On emptying out your best ideas

It kills me every time…

I’m sitting there in contemplation emptying out my thoughts to god (you know, as ya do), and then it hits me: A great idea. I’m only five minutes into my meditation and suddenly, I’ve figured out that one thing I’ve been wrestling with for weeks.

And so, I break the ‘rule’. I pause my Insight Timer, get up, and write that brilliant idea down.

Then I sit back down, get back into position, itch my nose (always), fart (sorry, it happens), press the ‘play’ button on the timer, close my eyes, and get back in the zone.

Five more minutes go by and — BAM — I remember that one thing I keep forgetting to buy at the store. Mouthwash! Gaaah! So I pause the timer, get up, write that bad boy down, sit back down, scratch my nose, (no farting this time), press play, and get back in the zone.

I’ll stop there… 
You’re starting to see the cycle, right?

When we entertain our underlying frantic anxieties, they become more and more incessant.

Back to the ‘rule’… In centering prayer, the only requirement is to let go of each thought.

This is so hard — especially for someone who makes a living from ideas. Those things are like currency to me, yet there I am, consciously forgetting them! And I’m trying to make a habit of this?! What is this madness?!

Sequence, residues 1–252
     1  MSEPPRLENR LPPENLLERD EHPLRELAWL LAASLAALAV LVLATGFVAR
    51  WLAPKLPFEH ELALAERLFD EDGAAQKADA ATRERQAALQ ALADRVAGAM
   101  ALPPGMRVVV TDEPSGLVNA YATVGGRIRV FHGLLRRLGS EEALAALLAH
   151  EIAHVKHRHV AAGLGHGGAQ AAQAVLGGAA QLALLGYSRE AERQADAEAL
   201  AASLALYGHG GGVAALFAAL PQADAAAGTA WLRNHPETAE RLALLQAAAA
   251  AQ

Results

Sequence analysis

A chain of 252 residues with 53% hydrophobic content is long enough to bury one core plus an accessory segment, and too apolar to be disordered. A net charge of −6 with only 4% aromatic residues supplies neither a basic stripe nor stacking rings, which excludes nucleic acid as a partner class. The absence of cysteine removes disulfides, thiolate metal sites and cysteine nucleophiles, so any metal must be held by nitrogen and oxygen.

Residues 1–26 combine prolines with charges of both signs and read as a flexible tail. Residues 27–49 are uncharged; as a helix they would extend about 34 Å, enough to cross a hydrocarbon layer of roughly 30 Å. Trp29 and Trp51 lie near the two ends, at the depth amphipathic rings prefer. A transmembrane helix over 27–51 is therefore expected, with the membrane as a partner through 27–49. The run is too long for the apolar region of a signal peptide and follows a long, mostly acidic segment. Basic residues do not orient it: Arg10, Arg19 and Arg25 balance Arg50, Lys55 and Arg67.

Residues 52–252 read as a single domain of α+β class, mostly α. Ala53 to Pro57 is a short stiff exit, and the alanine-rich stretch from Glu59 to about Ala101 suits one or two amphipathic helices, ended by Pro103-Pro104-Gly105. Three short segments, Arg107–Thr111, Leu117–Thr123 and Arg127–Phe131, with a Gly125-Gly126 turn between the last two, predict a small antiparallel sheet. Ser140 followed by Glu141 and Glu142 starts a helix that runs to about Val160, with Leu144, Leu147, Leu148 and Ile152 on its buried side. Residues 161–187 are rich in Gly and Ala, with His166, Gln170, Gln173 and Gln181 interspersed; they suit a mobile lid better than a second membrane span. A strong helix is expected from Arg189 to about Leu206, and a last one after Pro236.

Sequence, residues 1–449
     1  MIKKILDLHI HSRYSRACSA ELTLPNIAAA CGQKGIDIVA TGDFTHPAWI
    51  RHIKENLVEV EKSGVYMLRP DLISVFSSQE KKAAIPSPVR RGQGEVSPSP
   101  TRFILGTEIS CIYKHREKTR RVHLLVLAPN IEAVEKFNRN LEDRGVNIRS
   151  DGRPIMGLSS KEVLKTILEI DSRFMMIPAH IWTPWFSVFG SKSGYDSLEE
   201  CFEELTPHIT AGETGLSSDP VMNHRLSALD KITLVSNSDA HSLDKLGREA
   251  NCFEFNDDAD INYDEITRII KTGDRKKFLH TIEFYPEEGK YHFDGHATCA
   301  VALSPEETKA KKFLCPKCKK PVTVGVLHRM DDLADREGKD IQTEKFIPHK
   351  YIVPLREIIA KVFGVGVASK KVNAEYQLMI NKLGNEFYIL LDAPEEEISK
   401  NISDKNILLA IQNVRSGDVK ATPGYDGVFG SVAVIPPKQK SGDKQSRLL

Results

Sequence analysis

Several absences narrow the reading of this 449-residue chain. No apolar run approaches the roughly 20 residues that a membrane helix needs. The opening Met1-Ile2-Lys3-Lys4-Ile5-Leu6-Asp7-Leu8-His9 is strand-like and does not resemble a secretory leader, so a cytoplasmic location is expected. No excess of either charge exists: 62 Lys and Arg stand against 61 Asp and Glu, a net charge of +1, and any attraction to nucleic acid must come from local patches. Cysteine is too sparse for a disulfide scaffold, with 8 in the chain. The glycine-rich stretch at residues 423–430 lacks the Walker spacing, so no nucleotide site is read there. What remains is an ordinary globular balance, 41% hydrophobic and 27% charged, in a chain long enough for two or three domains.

Afterward, it never ceases to amaze me how, when/if I remember those ‘ideas’, they’re not so epic after all. And those things I needed to get at the store — they come back to me, hopefully, sooner than later.

But that’s not even the point… The thing I have to remember is,

The value (because we’re so big on ‘value’ out west) of this prayer isn’t to ‘get’ anything. It isn’t to increase my productivity or attract cash and prizes from my living room.

The gift of this prayer is to generously hand over my internal garbage to the divine moment after moment.

This is not the time to brainstorm. It’s a time to release my death grip on getting. To experience what it feels like to not have to be like they told me I needed to be like in school — productive, successful, or even smart — for just twenty short minutes.

Instead, my role in contemplation is to just… be. 
(What a strange concept.)

And so, as the ideas come, 
I’ll continue sitting there as they fly away,
Squirming like crazy (and apparently, very gassy),
Empty,
But with everything I need.

P.S. For a great resource on centering prayer, here’s a PDF that I use that’s fantastic.

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